Cryptography and Network Security—The basics—Part II
1.2 The OSI Security Architecture
To assess effectively the security needs of an organization and to evaluate and choose various security products and policies, the manager responsible for security needs some systematic way of defining the requirements for security and characterizing the approaches to satisfying those requirements. This is difficult enough in a centralized data processing environment; with the use of local and wide area networks, the problems are compounded.
ITU-T3 Recommendation X.800, Security Architecture for OSI , defines such a systematic approach.4 The OSI security architecture is useful to managers as a way of organizing the task of providing security. Furthermore, because this architecture was developed as an international standard, computer and communications vendors have developed security features for their products and services that relate to this structured definition of services and mechanisms.
For our purposes, the OSI security architecture provides a useful, if abstract, overview of many of the concepts that this book deals with. The OSI security architecture focuses on security attacks, mechanisms, and services. These can be defined briefly as
- Security attack: Any action that compromises the security of information owned by an organization.
- Security mechanism: A process (or a device incorporating such a process) that is designed to detect, prevent, or recover from a security attack.
- Security service: A processing or communication service that enhances the security of the data processing systems and the information transfers of an organization. The services are intended to counter security attacks, and they make use of one or more security mechanisms to provide the service.
In the literature, the terms threat and attack are commonly used to mean more or less the same thing. Table 1.1 provides definitions taken from RFC 4949, Internet Security Glossary.
1.3 Security AttacksA useful means of classifying security attacks, used both in X.800 and RFC 4949, is in terms of passive attacks and active attacks (Figure 1.1). A passive attack attempts to learn or make use of information from the system but does not affect system resources. An active attack attempts to alter system resources or affect their operation.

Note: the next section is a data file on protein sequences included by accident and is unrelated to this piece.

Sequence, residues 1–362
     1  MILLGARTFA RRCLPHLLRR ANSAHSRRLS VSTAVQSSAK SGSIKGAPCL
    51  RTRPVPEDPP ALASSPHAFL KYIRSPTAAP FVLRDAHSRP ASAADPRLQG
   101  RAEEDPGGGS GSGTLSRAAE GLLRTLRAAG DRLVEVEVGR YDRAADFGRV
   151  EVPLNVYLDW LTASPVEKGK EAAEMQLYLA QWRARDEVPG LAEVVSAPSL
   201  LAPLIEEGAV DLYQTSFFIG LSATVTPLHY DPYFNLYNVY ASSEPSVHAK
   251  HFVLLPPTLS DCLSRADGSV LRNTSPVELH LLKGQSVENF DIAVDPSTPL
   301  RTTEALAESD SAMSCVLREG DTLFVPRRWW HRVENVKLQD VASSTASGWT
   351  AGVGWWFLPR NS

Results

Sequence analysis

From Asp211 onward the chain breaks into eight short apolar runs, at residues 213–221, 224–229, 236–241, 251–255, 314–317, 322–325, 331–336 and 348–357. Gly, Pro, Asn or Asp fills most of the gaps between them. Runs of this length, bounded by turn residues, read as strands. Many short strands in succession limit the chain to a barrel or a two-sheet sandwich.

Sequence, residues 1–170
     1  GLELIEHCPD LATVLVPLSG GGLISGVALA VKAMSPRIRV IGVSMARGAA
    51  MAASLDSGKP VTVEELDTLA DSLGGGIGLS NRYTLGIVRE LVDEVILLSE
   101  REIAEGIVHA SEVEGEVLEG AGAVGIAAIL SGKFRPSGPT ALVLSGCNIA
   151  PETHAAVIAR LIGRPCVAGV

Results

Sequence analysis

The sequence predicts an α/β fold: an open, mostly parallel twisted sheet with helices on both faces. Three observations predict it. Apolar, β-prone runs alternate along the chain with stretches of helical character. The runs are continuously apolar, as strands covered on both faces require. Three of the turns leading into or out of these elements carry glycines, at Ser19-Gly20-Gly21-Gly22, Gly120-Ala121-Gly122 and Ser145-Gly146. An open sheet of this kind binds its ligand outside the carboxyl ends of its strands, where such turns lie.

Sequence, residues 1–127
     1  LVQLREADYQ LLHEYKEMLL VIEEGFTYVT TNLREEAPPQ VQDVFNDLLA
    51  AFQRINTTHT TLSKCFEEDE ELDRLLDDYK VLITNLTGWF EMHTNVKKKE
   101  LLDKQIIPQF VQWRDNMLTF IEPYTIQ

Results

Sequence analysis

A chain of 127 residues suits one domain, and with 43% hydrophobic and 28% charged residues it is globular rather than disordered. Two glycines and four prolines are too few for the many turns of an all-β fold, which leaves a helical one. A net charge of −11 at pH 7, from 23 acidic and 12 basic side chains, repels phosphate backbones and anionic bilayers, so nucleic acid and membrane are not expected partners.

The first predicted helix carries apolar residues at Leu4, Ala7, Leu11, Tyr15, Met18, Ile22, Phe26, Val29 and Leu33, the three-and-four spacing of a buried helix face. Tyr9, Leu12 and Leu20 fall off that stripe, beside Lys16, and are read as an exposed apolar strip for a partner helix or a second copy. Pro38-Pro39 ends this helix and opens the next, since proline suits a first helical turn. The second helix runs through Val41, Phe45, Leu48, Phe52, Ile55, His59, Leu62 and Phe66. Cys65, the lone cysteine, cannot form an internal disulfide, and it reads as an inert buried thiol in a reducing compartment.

Passive AttacksPassive attacks (Figure 1.1) are in the nature of eavesdropping on, or monitoring of, transmissions. The goal of the opponent is to obtain information that is being transmitted. Two types of passive attacks are the release of message contents and traffic analysis.
The release of message content is easily understood. A telephone conversation, an electronic mail message, and a transferred file may contain sensitive or confidential information. We would like to prevent an opponent from learning the contents of these transmissions.
A second type of passive attack, traffic analysis, is subtler. Suppose that we had a way of masking the contents of messages or other information traffic so that opponents, even if they captured the message, could not extract the information from the message. The common technique for masking contents is encryption. If we had encryption protection in place, an opponent might still be able to observe the pattern of these messages. The opponent could determine the location and identity of communicating hosts and could observe the frequency and length of messages being exchanged. This information might be useful in guessing the nature of the communication that was taking place.
Passive attacks are very difficult to detect, because they do not involve any alteration of the data. Typically, the message traffic is sent and received in an apparently normal fashion, and neither the sender nor receiver is aware that a third party has read the messages or observed the traffic pattern. However, it is feasible to prevent the success of these attacks, usually by means of encryption. Thus, the emphasis in dealing with passive attacks is on prevention rather than detection.